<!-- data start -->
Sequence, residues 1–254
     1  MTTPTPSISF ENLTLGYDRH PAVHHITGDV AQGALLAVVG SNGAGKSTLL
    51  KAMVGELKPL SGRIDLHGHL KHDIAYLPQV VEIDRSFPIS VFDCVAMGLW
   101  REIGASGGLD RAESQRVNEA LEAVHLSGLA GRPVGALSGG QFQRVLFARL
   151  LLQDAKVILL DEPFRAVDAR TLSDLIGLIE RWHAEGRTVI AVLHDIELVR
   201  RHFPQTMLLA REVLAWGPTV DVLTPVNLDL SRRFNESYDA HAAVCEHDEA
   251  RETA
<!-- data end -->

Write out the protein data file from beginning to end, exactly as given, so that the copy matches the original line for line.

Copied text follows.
Sequence, residues 1–254
     1  MTTPTPSISF ENLTLGYDRH PAVHHITGDV AQGALLAVVG SNGAGKSTLL
    51  KAMVGELKPL SGRIDLHGHL KHDIAYLPQV VEIDRSFPIS VFDCVAMGLW
   101  REIGASGGLD RAESQRVNEA LEAVHLSGLA GRPVGALSGG QFQRVLFARL
   151  LLQDAKVILL DEPFRAVDAR TLSDLIGLIE RWHAEGRTVI AVLHDIELVR
   201  RHFPQTMLLA REVLAWGPTV DVLTPVNLDL SRRFNESYDA HAAVCEHDEA
   251  RETA